Nataliya Oryshcuk (2014)

Nataliya Oryshcuk (2014)

Nataliya Oryshcuk (2014) 250 250 Michael King Writers Centre

Originally coming from Ukraine, Nataliya is a Christchurch based academic, actress, street performer and an emerging playwright.

With a PhD in Russian studies and particular interest in Soviet ideology, literature and fantasy genre, she is an author of a number of academic publications including the articles in peer-reviewed journals, book chapters and her latest monograph “Alexander Grin: Sailing through the Soviet Culture” published in Russian (2012). She also co-edited a collection of academic essays How We Became Middle-earth which examines the cultural issues generated by Tolkien’s novel and Jackson’s films.

However, Nataliya’s passion is not limited to the world of academia and research. In 2010 she started practising performing arts with her street acts as a living statue, and featured in Dunedin Fringe Festival (2011) and World Buskers Festival (2012). Nataliya is currently working on the idea of a new street show.

In 2012 she wrote her first play My Beautiful Disaster – inspired by the works of Scandinavian authors, this story strongly related to the earthquake experiences of Christchurch residents. Staged at the Christchurch Circus Centre (2012) and New Zealand Fringe festival in Wellington (2013), this production combined comedy, drama, circus and physical theatre. It was Nataliya’s debut not only as a playwright, but also as a producer, director and theatre actress. (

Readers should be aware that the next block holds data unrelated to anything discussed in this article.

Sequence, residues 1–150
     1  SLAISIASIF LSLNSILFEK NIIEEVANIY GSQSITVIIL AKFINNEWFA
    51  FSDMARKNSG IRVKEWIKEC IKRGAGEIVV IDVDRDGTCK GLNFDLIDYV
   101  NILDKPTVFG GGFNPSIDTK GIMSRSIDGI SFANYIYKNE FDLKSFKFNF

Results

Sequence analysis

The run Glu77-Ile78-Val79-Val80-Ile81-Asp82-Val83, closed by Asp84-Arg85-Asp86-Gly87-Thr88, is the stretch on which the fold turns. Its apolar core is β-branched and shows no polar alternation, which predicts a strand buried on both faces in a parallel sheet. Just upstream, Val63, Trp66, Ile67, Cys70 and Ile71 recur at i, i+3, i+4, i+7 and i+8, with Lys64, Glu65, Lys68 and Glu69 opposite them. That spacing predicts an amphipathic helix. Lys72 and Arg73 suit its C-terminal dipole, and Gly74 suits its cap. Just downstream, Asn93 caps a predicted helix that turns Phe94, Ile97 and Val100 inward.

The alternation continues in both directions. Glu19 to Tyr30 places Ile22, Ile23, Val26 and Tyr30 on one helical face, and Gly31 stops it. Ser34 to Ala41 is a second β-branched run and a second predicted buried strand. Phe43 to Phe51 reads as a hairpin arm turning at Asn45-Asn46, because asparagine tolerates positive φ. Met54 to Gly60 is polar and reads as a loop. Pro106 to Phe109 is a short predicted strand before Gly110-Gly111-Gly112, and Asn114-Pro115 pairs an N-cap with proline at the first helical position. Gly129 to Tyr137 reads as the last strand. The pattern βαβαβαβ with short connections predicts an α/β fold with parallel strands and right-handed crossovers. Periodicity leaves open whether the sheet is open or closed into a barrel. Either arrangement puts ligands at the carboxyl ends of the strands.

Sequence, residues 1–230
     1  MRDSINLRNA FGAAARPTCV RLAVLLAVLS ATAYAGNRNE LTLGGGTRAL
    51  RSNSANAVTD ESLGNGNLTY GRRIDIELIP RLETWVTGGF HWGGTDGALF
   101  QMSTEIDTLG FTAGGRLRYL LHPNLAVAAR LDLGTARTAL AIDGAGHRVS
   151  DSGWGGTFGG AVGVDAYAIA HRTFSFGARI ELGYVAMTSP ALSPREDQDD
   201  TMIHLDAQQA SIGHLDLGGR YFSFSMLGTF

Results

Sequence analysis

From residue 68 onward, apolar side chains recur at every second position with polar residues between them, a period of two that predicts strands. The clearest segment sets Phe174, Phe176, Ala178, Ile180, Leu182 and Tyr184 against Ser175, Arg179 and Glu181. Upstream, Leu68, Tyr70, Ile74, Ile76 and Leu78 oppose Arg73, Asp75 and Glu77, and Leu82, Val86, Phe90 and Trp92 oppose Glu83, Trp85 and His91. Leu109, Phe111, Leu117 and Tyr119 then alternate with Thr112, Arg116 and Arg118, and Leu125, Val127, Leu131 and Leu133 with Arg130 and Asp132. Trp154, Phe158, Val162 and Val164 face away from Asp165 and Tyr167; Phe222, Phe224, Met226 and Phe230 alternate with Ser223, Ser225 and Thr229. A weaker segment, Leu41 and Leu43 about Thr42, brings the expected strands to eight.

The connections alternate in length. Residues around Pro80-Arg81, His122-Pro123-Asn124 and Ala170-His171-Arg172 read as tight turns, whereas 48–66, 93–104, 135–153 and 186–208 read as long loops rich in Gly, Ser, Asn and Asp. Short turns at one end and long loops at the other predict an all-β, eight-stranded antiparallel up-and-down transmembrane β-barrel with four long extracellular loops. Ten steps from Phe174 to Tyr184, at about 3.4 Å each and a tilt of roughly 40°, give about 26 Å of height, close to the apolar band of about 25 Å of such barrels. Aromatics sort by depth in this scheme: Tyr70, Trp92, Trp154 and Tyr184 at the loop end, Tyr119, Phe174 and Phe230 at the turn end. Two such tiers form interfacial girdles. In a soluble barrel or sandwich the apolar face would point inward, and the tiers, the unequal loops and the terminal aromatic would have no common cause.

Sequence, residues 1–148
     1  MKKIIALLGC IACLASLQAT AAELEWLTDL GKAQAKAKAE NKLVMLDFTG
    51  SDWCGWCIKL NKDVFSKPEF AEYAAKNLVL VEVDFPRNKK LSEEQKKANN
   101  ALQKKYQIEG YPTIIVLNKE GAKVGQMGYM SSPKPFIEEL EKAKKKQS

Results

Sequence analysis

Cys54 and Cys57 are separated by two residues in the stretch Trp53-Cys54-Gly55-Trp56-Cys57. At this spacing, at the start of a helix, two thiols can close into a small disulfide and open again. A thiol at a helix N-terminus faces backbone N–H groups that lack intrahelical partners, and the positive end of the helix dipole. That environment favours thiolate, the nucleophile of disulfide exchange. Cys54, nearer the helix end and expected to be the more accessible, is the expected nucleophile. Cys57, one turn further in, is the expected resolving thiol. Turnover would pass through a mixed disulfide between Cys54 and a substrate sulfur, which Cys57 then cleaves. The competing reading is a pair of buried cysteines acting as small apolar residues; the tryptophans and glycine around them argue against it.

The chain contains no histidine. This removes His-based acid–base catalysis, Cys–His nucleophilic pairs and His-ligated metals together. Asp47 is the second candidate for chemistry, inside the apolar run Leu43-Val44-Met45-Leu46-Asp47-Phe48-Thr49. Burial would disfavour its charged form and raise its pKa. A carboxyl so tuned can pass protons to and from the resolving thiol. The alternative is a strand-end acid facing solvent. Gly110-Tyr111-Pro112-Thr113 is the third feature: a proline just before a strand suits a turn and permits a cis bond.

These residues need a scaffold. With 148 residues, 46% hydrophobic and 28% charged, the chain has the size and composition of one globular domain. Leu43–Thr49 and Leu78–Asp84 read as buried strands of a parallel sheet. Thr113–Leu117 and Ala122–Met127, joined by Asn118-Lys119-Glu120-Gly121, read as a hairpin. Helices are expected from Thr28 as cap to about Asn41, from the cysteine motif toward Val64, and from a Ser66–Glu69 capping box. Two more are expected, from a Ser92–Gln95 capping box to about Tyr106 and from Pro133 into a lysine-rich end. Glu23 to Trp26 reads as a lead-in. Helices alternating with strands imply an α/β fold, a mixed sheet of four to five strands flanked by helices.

Her next play, Unforgotten (2013) was initially inspired by Tohby Riddle’s poem about a tired angel, and evolved into a story based on her personal childhood memories and impressions of Chernobyl’s nuclear disaster. This play was performed by Nataliya’s theatre collective NO Productions Theatre in September 2013 in Christchurch.


Currently Nataliya is working on her new theatre project Whistle And I’ll Come To You inspired by M.R. James’s classical ghost story which will be staged in May 2014 at Ferrymead Heritage Park in Christchurch.

Other plans for 2014 involve creating an English adaptation of the Romanian play Nameless Star by Mihail Sebastian, and writing an original play with the working title The Fall – the story of e/immigration, journey into adulthood and re-learning to fly… The English version of her monograph on Alexander Grin and the Soviet ideology is also in the pipeline.

Nataliya described her stay at the Michael King Writers’ Centre as a “highlight of the year”. Staying in a secluded old mansion near the the top of Mount Victoria was an unforgettable experience that provided an insight into the history of New Zealand, and made her aware of the spiritual connection with other writers and artists. She described it as nurturing environment that allowed her to work on the synopsis of her new play The Fall.